“The biggest problem with many microalgae, and especially chlorophytic [strains], is that even though they’re little ‘lunchboxes’ packed full of a great complement of essential nutrients – the availability in the digestive tract of monogastric animal, including fish, can be limited because of their rigid cellulosic cell walls,” he said. “Just because the nutrients are there doesn’t mean that the animal will be able to digest and metabolically utilize them.”
One promising strain from previous trials has been selected for an ongoing, in-vivo study using the microalgae as a feed ingredient for Atlantic salmon, said Tibbetts. The team, which includes collaborators from the Center for Aquaculture Technologies Canada and EWOS Canada, is set to have results by the end of the year.
In that study, the group is looking at digestibility of the microalgae when included in the diet at different levels and in different forms, he said. Some of the algae used are a whole-cell intact meal while others have had their cell walls broken open using an industrially scalable, chemical-free form of downstream processing.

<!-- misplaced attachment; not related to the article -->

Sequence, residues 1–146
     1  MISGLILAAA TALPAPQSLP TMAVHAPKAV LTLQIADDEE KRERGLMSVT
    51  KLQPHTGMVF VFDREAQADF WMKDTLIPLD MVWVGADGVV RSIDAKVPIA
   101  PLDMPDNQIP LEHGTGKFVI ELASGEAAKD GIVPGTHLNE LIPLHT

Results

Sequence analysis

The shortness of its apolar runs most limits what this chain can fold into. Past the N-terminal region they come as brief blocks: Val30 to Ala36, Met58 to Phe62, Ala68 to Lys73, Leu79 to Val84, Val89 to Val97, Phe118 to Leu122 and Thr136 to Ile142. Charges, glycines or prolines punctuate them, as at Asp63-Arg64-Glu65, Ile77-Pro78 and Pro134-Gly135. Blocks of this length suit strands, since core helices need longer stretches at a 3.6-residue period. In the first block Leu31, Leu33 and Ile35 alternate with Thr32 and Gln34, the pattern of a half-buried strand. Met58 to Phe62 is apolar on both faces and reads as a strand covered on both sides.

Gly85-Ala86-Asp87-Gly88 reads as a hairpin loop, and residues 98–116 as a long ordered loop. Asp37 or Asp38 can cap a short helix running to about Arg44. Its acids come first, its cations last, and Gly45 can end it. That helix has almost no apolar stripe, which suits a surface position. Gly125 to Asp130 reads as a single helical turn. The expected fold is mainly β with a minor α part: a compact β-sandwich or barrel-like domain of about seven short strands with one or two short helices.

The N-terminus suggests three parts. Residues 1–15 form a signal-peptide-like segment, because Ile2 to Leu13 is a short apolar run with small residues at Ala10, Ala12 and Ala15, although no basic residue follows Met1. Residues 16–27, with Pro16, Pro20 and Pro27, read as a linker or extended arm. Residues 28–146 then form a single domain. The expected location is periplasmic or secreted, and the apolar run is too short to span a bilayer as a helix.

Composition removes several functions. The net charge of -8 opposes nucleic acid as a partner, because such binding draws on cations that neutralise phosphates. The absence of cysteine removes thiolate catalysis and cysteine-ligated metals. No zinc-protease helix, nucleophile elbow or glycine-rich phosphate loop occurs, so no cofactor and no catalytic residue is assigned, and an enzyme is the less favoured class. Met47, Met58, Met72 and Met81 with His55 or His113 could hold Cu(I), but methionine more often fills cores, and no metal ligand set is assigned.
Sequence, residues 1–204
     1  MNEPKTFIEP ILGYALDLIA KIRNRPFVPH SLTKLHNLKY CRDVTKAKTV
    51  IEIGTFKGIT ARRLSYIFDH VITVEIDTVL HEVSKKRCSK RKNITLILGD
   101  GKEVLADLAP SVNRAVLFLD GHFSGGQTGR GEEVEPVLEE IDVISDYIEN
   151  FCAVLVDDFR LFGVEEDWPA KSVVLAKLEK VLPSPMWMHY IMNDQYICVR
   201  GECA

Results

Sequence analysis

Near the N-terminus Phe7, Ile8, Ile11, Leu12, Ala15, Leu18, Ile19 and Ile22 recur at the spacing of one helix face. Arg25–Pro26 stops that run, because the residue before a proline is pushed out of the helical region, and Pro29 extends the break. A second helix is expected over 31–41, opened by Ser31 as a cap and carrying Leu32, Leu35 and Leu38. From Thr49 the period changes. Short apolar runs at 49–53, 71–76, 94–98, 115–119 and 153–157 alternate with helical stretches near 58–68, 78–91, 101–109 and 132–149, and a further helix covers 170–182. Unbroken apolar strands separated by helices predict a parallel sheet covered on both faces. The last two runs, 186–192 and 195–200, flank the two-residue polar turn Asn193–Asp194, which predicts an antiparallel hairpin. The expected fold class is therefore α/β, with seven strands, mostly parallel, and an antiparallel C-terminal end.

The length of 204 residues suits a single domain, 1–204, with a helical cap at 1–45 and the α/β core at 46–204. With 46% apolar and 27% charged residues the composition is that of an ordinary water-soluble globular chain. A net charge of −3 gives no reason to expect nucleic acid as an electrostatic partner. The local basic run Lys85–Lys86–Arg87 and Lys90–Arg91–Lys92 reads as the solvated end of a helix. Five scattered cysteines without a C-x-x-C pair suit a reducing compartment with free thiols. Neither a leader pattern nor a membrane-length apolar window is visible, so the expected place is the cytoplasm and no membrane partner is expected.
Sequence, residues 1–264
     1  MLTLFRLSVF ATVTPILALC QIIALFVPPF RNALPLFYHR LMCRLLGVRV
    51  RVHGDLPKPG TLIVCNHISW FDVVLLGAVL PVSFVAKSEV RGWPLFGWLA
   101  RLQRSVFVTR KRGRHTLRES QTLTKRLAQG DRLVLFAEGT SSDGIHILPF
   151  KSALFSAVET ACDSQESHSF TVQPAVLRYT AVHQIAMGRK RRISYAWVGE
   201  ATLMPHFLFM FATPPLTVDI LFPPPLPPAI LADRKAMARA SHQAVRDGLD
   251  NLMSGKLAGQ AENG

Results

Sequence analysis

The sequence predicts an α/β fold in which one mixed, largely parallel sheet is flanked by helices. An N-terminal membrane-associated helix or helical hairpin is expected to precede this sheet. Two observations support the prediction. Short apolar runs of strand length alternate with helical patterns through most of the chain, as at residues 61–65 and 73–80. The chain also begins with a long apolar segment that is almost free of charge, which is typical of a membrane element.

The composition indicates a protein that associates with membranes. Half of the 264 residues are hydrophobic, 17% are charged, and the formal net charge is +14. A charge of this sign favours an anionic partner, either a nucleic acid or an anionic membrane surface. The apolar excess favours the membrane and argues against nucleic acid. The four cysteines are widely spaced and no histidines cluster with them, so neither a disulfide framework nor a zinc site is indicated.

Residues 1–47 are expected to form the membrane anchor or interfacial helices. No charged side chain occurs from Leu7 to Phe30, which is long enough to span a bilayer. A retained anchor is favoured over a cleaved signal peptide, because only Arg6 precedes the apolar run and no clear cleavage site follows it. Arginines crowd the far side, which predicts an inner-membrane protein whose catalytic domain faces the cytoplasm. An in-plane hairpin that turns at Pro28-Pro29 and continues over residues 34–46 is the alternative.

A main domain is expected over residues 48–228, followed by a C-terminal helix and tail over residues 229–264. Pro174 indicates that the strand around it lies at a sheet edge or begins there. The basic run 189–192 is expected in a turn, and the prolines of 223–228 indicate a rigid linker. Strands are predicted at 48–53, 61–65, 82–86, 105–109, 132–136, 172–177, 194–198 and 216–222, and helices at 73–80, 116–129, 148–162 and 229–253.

“In addition to finding out the effect on digestibility of ruptured and non-ruptured [microalgae], we will be able to determine what is the maximum dietary inclusion level that we can push these ingredients based on their digestibility,” he said. "It doesn’t make sense to continue with further feedings studies focused on growth performance, nutrient utilization efficiency, fish health and product composition if you haven’t addressed the first bottleneck to efficient nutrient utilization, which is digestibility.”